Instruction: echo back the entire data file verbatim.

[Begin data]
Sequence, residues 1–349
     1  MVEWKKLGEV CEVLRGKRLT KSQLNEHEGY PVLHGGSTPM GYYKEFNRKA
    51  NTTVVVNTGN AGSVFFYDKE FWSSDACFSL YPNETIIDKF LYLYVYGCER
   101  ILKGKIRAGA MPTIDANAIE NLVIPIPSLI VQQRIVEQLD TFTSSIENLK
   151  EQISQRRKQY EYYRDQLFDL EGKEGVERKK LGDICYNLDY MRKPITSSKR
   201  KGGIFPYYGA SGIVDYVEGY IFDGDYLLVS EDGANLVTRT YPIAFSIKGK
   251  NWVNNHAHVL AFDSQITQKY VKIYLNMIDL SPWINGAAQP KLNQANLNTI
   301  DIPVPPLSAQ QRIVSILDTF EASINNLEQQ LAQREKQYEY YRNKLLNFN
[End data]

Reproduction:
Sequence, residues 1–349
     1  MVEWKKLGEV CEVLRGKRLT KSQLNEHEGY PVLHGGSTPM GYYKEFNRKA
    51  NTTVVVNTGN AGSVFFYDKE FWSSDACFSL YPNETIIDKF LYLYVYGCER
   101  ILKGKIRAGA MPTIDANAIE NLVIPIPSLI VQQRIVEQLD TFTSSIENLK
   151  EQISQRRKQY EYYRDQLFDL EGKEGVERKK LGDICYNLDY MRKPITSSKR
   201  KGGIFPYYGA SGIVDYVEGY IFDGDYLLVS EDGANLVTRT YPIAFSIKGK
   251  NWVNNHAHVL AFDSQITQKY VKIYLNMIDL SPWINGAAQP KLNQANLNTI
   301  DIPVPPLSAQ QRIVSILDTF EASINNLEQQ LAQREKQYEY YRNKLLNFN